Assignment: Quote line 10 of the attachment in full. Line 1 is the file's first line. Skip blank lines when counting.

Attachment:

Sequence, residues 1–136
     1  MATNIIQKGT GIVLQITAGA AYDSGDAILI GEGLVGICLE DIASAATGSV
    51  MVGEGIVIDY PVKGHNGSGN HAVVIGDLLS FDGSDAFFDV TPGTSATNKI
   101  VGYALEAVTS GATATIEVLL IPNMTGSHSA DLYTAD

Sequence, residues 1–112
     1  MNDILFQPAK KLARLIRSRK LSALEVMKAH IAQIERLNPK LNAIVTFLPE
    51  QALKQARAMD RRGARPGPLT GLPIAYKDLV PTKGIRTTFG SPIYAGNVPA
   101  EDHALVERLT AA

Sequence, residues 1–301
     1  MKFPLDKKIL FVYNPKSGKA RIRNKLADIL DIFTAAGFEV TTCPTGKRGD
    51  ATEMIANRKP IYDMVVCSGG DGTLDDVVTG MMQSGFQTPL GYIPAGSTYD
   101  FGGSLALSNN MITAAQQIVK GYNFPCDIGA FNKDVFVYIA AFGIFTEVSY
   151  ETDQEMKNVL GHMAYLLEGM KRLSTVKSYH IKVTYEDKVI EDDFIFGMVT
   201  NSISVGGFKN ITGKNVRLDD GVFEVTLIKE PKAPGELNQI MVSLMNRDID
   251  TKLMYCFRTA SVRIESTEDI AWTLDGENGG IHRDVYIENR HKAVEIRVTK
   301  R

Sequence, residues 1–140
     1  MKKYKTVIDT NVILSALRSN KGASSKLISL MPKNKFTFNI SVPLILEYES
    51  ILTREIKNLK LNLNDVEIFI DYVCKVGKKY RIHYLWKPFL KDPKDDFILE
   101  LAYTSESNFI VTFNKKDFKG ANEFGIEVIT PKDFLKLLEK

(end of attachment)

     1  MKFPLDKKIL FVYNPKSGKA RIRNKLADIL DIFTAAGFEV TTCPTGKRGD